Fostering a Stronger Economy Through the Classroom
Improved education about banking, economics, money and personal finance should foster a stronger economy. The Federal Reserve Bank of St. Louis' economic education effort, Econ Lowdown, seeks to make a difference by providing K-16 educators and their students with a variety of award-winning materials for use in the classroom. These include lesson plans, online courses, videos, podcasts, interactive whiteboard applications, mobile applications and slides. Econ Lowdown also provides professional development for educators who teach economics and personal finance. These opportunities include conferences, in-service programs, a monthly newsletter, online courses, webinars and workshops.
Econ Lowdown is also a self-teaching tool for the general public, providing mini courses and other information in a variety of formats on such topics as establishing credit, paying for college and saving for retirement.
This material has been developed by nationally recognized experts and former educators. For example, the head of Econ Lowdown, Assistant Vice President Mary Suiter, worked with the Council for Economic Education to write the National Standards for Financial Literacy, published in 2013. The Bank's Economic Education team works with several other national, state and local organizations that promote and improve economic education, in addition to the Council for Economic Ecuation. These groups include the National Association of Economic Educators and the Jump$tart Coalition for Personal Financial Literacy.
The Econ Lowdown staff also consults with the local education communities in St. Louis and the three Eighth District branch cities: Little Rock, Ark., Louisville, Ky., and Memphis, Tenn. Econ Lowdown has educator advisory boards in all four cities. These boards of local teachers advise Bank staff on curriculum and professional development.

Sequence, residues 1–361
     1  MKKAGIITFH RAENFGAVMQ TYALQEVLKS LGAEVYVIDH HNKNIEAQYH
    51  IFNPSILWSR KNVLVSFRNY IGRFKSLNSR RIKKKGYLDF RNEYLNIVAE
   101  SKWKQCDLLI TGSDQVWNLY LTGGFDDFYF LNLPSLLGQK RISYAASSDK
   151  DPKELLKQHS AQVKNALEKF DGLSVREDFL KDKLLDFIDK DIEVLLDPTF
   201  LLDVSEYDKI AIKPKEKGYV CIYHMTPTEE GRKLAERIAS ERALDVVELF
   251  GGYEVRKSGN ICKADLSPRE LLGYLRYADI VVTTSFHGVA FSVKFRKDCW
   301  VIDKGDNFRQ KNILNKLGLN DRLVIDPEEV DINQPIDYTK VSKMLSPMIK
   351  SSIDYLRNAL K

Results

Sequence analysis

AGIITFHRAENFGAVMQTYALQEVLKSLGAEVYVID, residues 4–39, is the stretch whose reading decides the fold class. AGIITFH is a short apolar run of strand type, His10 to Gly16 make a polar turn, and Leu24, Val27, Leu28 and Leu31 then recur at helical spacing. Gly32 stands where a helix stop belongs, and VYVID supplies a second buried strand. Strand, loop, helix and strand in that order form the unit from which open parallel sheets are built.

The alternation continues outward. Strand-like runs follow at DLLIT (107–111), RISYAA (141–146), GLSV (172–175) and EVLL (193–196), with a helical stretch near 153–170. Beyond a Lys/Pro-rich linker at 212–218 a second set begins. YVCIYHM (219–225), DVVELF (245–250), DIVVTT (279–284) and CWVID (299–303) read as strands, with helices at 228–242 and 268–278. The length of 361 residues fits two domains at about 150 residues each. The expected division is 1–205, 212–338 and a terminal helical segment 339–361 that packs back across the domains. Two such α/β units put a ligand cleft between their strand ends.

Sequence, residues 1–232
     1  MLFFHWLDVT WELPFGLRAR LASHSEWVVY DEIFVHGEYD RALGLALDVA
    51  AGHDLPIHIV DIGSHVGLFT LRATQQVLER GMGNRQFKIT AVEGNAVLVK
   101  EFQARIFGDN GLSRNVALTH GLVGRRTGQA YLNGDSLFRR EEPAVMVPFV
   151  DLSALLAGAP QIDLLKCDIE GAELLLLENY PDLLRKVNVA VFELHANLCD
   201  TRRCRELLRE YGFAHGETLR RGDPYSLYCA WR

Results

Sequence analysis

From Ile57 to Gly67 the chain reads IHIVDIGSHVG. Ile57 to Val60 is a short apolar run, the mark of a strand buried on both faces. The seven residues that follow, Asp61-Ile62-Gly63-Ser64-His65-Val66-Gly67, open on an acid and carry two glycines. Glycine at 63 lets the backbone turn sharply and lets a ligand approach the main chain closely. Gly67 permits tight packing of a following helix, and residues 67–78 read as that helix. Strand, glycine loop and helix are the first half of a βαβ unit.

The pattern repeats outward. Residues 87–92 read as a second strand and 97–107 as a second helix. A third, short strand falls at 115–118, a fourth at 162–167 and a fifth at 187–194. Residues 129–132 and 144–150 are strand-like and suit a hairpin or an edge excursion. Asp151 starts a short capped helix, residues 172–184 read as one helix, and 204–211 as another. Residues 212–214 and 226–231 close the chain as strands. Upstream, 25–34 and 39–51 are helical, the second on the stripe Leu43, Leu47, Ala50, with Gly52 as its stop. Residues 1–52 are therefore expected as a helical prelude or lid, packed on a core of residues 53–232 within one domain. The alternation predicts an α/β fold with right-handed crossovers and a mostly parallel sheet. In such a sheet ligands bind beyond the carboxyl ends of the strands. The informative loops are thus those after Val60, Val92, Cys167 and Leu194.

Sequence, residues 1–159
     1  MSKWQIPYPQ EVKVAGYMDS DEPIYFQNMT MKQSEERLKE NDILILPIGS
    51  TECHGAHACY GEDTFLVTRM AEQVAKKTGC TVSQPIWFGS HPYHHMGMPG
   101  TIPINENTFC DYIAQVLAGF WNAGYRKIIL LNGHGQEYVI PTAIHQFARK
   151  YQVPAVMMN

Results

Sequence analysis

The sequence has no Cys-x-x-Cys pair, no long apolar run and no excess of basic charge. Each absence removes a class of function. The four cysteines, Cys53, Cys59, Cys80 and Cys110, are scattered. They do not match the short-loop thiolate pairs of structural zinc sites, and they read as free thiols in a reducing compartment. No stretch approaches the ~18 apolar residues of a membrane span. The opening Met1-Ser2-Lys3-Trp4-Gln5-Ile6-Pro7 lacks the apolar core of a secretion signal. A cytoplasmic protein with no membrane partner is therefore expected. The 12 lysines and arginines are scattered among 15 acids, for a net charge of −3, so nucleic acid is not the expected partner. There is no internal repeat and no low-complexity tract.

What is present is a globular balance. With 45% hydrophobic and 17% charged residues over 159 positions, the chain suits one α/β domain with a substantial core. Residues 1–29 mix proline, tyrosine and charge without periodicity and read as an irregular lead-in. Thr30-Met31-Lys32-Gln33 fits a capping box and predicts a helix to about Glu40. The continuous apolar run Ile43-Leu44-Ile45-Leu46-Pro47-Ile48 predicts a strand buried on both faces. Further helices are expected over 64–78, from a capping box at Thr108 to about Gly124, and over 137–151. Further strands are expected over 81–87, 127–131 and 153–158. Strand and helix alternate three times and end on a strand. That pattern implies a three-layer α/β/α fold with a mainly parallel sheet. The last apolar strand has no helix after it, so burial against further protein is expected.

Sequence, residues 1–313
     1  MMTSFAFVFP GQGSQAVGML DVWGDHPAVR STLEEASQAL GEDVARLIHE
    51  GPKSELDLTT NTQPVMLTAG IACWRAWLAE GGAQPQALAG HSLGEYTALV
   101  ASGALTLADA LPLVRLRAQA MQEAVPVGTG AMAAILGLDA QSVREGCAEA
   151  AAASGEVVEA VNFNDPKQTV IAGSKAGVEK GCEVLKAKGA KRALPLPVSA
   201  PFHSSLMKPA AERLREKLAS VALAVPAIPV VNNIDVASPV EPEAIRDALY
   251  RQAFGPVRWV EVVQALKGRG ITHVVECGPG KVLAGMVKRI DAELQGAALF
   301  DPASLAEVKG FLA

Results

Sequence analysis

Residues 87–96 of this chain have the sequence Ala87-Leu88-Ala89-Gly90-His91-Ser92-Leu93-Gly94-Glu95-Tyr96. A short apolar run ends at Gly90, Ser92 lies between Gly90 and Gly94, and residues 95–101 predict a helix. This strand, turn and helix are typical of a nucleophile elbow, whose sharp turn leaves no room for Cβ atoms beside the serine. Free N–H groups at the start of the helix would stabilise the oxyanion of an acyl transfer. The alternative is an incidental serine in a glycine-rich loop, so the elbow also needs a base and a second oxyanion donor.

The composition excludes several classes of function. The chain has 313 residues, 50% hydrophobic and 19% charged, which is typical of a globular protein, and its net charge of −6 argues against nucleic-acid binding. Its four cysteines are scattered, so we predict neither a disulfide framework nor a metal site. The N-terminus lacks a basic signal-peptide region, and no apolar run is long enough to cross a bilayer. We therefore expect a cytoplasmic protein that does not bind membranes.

The St. Louis Fed's Economic Education department, in cooperation with the Bank's Office of Minority and Women Inclusion, also appoints a student board of directors each year. This board is made up of high school seniors; they visit the Bank several times during the school year to learn about economics and personal finance and to partake in leadership development and career planning. The students compete for summer internships at the Bank, too.
All Federal Reserve banks produce educational material on economics and personal finance. The content produced by the St. Louis team makes up more than one-third of all content on the Federal Reserve System's economic education website, www.federalreserveeducation.org.
To see any of the St. Louis Fed's materials, go to www.stlouisfed.org/education.
The Three Most Popular St. Louis Fed Econ Lowdown Courses, Measured by Enrollment
Supply and Demand: This course includes three interactive lessons that introduce supply, demand and market equilibrium, using a fictitious chocolate shop to help explain the concepts.
GDP and Pizza: This course is designed to help students in civics, economics and social studies classes grasp the various aspects of gross domestic product. It uses an illustration of a pizza to demonstrate the various points.
It's Your Paycheck: Course participants learn about budgeting, about the benefits of saving, about understanding credit reports and about the link between education and income.